Today NPR is running a story a trip I took to Thailand last week where I searched out several famous tattoo artists who have mastered the art of Sak-Yant. The tattoos they put on people’s back are said to be able to stop bullets. At the end of one interview with Ajarn Sua blessed me. Then he took out a standard issue box cutter and started slashing away at my arm saying that his blessing had protected me from harm. When I left there were lots of cat-like scratches on my arm, but no blood.

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For centuries Thai soldiers have covered their bodies in protective tattoos called Sak Yant. Today, the ancient ritual is booming and thousands of people, in Thailand and beyond, are flocking to master artists to have the powerful designs inked on their bodies.

The Wat Bang Pra Buddhist temple, about 30 miles west of Bangkok, is one of the most highly esteemed locations for Sak Yant. Dozens of monks and master artists, who have spend years perfecting the art, can be found there.

One afternoon, a group of men – many already covered head to toe with tattoos — discuss, in the courtyard, how best to use the canvas of their skin. The dirty, dilapidated campus, covered with cobwebs, may not immediately invoke an aura of prestige, but these Sak Yant devotees are less interested in the buildings than the designs that will soon cover their bodies. Many have traveled from far reaches of Thailand. A tattoo from this temple, they say, can protect them from danger or even death.

Chakkrapad Romkaew, one of the devotees, says that his first tattoo altered his outlook on the world, made him braver and encouraged him to become a soldier. His back is covered in elaborate geometric patterns and Buddhist prayers. In a week he’s being sent to the south of Thailand as part of an anti-terrorist squad. He wants to get another tattoo so, he says, he will be more fully protected before the bullets begin to fly.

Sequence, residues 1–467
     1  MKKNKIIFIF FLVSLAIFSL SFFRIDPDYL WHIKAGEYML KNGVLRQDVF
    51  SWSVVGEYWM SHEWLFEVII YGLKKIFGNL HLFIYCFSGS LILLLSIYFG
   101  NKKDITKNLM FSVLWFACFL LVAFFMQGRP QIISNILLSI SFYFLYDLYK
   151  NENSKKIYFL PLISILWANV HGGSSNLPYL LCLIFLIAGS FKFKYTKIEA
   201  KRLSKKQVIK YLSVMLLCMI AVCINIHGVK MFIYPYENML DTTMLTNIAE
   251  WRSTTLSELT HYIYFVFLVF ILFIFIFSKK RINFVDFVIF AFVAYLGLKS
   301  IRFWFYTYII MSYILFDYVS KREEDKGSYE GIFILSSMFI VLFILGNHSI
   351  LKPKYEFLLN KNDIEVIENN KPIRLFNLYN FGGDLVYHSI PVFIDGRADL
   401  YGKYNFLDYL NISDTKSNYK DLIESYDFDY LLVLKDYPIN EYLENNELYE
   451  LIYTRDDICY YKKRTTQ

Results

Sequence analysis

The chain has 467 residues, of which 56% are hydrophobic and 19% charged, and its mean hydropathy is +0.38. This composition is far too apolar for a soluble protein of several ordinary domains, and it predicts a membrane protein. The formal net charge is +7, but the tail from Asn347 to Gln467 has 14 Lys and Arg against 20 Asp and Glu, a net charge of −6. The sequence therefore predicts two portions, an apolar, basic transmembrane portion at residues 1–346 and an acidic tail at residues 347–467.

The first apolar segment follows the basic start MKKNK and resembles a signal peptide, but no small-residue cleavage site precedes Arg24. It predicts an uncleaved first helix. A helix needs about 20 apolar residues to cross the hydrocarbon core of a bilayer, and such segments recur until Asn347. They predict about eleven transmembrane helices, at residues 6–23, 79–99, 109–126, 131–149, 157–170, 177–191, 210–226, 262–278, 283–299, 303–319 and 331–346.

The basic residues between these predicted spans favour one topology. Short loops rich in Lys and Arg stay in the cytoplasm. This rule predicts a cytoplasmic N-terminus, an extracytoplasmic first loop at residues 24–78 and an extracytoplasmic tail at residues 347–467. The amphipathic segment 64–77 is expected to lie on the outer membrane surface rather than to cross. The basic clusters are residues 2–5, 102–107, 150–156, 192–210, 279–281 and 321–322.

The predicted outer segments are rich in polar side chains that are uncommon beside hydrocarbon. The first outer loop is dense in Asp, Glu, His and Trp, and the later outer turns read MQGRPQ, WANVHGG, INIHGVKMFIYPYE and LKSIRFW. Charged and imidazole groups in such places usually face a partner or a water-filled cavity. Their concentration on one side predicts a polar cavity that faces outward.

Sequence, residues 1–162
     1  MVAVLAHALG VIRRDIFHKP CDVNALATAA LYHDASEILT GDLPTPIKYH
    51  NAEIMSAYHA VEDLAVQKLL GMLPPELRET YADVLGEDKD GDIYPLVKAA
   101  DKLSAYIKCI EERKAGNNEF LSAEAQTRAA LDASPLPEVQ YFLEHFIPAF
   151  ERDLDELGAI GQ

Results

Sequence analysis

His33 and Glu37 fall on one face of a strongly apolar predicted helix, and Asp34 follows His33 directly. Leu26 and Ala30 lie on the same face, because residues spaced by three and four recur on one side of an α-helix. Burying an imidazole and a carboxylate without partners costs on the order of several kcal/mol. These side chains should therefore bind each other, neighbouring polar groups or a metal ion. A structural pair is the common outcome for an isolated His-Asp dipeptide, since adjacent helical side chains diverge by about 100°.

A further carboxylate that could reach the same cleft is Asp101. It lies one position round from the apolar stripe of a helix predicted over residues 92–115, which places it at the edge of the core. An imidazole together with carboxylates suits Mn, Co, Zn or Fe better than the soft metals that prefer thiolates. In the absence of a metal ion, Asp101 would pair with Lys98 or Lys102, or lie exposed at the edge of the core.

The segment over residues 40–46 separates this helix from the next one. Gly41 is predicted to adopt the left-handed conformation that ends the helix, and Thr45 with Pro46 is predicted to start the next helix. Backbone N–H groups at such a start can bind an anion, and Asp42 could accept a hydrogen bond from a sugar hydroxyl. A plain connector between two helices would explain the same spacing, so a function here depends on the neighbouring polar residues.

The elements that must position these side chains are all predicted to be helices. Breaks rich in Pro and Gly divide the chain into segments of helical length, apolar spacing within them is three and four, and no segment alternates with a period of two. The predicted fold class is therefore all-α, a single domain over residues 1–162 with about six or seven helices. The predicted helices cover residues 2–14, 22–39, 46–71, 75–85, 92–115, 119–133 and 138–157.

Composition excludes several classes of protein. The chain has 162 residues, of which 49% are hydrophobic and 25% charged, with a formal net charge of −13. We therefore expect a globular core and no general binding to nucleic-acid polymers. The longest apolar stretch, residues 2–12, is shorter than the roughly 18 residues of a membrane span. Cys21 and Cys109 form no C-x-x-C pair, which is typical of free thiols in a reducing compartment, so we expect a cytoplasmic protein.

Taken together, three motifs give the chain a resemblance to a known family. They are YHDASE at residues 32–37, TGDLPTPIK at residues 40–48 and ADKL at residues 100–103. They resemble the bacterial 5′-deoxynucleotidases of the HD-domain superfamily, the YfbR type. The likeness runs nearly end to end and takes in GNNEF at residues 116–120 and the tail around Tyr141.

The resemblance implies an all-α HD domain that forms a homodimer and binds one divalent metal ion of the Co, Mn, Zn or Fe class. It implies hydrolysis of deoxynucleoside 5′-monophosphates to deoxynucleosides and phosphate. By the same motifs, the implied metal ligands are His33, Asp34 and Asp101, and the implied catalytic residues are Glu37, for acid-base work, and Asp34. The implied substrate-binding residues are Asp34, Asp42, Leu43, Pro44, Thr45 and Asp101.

“There are so many dangers waiting down there,” he says. “Before I got a tattoo, I never wanted to be a soldier. But when they got into my skin, my desire to be a soldier got stronger.”

The Process

Master artist Ajarn Sua prepares to place a tattoo on the young soldier by sharpening a two-foot-long needle. Often, the tattoo is simply a series of dots created when the needle passes through the skin. After the pattern has been drawn, the monks rub ink into the wound and say a prayer to empower the charm hidden inside the tattoo.

There are hundreds of traditional designs, many of which revolve around animal figures. One of the most powerful, according to the tradition, is a tiger that spans the whole of a person’s lower back. An unprepared person can suddenly find that their whole life is turned around after being inked, a monk named Suntotn Prapagaroe explains.

“If a person has a tiger spirit, he will act like a tiger. He cannot control himself, the spirit controls him,” Prapagaroe says. “He will spread his hand like this, and roar.”

Although the tattoos may ultimately protect believers from suffering, pain is an inherent part of the process.

“It’s like being jabbed by a needle a thousand times,” says Paul Davies, a British Internet entrepreneur who also has come to the Wat Bang Pra temple for a tattoo.

Modern Technologies

Not all Sak Yant masters rely on the traditional needle methods. The master Ajarn Sua, who has a studio just north of Bangkok, says that a number of people coming to him for tattoos have urged him to adopt the electric tattoo needle.

Modernization does not necessarily mean canceling out tradition, however. After inking one man’s back, Sua places his hand over the man’s face and forces his head backwards. He draws a ritual knife across his neck and then stabs him lightly in the back.

“No person with this tattoo will ever be hurt by bullets or knives,” he says.

The Parlor to the Stars

Although Sak Yant has existed for thousands of years, it began to expand in new directions several years ago due to one extremely famous devotee: Angelina Jolie. In 2004, the actress flew to Bangkok to meet with venerated tattoo master Ajarn Noo Kanphai, who placed a large tiger on her lower back — and a string of Thai script on her left shoulder.

Ajarn Noo’s studio — known as the parlor to the stars — contrasts sharply with the Wat Bang Pra temple. Simple worn walls are replaced with photos of high rolling Thai celebrities and American CEOs. One recent afternoon, two well-known Thai comedians and an actor from the Cannes film hit Om Bhat waited for designs.

Tattoos, Kanphai says, can give a person courage to face the difficulties of their life. They can multiply wealth and protect from harm. “Many people have come to me with drug problems, but after I give them a tattoo, the problems go away,” he says. A tattoo can really change your life.”